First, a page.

Manchester is leading the way in house price growth, while property values across the south is slowing down.
According to research compiled by Hometrack, the average house price in Manchester is now £153,600 with the surge in growth at 8.8 compared to a year earlier.
Hometrack, which tracks house price movements across the UK’s 20 biggest cities, said the dynamics of the housing market were shifting, as cities such as London and Cambridge, which had been driving price growth, were now seeing a significant slowdown.
Hometrack said that in Manchester, Newcastle and Birmingham, annual house price growth had lifted to levels not seen in these cities since 2005.
In Newcastle, house prices were up by 5.6% year-on-year and in Birmingham they had seen an 8% uplift.
By contrast, house price growth in London, Oxford and Cambridge had slowed to less than 5% for the first time in five years, Hometrack found.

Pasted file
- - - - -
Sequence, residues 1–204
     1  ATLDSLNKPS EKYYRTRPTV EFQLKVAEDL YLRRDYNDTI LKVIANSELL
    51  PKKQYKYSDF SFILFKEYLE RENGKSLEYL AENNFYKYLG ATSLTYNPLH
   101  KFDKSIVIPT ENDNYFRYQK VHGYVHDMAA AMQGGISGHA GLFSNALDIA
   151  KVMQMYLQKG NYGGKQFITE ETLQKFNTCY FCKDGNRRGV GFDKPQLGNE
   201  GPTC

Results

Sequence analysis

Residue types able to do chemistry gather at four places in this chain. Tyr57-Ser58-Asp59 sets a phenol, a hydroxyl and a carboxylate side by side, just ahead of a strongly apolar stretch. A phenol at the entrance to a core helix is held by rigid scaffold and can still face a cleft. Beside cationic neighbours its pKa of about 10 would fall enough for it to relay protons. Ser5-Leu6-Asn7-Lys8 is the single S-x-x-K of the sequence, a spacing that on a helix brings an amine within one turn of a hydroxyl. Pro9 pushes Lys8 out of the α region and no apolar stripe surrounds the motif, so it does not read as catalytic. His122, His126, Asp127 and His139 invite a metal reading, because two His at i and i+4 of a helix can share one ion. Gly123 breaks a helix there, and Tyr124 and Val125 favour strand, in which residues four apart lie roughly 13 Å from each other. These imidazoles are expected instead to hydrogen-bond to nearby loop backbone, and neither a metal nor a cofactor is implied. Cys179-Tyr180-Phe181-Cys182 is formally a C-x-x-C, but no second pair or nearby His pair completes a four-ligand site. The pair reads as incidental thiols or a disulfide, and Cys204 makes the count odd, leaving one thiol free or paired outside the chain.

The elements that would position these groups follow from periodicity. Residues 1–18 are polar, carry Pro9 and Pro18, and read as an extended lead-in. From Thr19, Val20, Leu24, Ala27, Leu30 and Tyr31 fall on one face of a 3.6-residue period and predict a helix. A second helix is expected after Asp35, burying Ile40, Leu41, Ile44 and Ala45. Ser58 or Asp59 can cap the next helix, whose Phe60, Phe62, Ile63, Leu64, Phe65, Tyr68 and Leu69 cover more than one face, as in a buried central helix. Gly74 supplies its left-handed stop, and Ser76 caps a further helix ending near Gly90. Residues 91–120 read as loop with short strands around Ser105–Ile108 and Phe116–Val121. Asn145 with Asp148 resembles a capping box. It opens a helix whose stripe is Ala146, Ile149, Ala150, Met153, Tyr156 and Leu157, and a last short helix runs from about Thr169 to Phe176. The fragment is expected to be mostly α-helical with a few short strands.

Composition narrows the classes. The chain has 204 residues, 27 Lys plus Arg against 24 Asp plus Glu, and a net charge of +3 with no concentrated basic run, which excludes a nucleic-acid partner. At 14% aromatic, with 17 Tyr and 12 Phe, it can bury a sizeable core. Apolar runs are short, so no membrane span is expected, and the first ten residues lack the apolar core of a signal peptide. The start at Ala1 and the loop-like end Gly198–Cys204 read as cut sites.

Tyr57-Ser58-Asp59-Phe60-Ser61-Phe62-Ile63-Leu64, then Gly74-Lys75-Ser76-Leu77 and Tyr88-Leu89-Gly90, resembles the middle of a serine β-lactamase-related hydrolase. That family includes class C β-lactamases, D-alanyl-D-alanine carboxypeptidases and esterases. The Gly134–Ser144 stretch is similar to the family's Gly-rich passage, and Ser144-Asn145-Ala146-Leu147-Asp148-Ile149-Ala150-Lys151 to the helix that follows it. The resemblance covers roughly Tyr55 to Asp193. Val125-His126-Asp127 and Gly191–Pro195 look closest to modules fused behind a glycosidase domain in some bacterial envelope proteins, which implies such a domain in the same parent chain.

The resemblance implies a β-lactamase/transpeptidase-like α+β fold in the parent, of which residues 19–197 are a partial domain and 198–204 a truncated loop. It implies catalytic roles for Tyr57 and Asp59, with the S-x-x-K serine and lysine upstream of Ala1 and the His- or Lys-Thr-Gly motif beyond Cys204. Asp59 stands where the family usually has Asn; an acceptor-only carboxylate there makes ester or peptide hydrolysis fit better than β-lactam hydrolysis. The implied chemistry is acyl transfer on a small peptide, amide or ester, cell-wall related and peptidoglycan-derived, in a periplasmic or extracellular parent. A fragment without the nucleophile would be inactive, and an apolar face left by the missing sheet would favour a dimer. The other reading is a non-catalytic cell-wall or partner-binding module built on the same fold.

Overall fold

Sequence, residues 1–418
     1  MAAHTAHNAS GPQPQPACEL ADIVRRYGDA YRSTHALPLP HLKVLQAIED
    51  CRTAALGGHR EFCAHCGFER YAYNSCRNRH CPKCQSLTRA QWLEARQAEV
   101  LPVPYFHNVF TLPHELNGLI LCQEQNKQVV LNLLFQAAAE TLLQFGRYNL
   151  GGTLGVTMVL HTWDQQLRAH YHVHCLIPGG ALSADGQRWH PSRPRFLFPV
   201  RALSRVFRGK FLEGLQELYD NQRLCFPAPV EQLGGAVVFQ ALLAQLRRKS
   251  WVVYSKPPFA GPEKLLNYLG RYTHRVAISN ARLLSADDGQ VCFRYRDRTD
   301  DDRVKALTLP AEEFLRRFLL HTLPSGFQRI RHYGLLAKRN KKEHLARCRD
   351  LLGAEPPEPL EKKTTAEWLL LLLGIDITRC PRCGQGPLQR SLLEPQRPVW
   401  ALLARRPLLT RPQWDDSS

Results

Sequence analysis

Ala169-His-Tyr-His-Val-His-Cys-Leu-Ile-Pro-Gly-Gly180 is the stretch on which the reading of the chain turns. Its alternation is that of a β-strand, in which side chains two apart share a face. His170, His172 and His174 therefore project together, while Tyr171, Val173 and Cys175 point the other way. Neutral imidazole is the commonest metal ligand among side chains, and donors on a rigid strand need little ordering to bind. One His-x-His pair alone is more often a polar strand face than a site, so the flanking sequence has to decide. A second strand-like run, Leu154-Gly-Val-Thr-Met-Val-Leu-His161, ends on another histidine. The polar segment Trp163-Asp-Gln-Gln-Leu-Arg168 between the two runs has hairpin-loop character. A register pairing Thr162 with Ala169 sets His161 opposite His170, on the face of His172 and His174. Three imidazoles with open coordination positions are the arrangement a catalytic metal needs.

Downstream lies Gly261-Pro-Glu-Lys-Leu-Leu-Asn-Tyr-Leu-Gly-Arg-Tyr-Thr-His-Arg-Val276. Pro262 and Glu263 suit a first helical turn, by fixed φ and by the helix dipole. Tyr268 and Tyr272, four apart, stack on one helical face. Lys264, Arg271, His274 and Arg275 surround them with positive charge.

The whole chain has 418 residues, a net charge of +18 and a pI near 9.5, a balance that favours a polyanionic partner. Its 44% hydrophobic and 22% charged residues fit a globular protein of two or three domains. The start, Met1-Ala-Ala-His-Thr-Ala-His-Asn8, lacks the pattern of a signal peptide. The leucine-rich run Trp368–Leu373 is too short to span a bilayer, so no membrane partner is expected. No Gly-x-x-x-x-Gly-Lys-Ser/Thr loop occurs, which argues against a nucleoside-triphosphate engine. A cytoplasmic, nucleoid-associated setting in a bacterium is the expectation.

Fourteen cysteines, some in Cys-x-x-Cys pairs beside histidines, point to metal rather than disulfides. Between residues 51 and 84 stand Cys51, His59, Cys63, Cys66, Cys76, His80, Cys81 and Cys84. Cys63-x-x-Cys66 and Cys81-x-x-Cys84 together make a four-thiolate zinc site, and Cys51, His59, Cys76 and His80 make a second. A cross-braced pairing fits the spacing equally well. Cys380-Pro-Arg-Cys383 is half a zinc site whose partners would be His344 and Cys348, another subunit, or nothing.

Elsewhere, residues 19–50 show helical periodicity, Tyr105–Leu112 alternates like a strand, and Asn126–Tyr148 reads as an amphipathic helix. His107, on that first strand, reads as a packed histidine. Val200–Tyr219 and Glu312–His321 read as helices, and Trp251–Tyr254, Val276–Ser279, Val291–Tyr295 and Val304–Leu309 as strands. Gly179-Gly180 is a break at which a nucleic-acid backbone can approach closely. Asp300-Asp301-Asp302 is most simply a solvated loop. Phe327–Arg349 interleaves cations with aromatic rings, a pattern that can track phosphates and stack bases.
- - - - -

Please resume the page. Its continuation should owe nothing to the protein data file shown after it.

It said affordability pressures, as well as tax changes for investors, with a recent stamp duty hike for buy-to-let landlords, had constrained demand in these areas.
“This is shifting the dynamics of the housing market. Cities that have been driving house price growth over the last two to three years, such as London and Cambridge, are now seeing a significant slowdown, while large regional cities continue to register robust and sustained levels of house price growth.”
Here are the average house prices in March across the cities covered by Hometrack’s index, with the annual change::
Manchester £153,600, 8.8%
Birmingham £150,900, 8%
Bristol £264,200, 7.3%
Edinburgh £208,000, 7.1%
Glasgow £117,500, 6.8%
Nottingham £142,600, 6.7%
Portsmouth £225,000, 6.7%
Leicester £162,100, 6.6%
Liverpool £116,500, 6.5%
Southampton £223,100, 6.4%
Bournemouth £278,100, 6.4%
Sheffield £132,100, 5.7%
Newcastle £127,100, 5.6%
Cardiff £197,300, 5.4%
Leeds £156,700, 5.2%
London £490,100, 4.9%
Oxford £411,600, 3.7%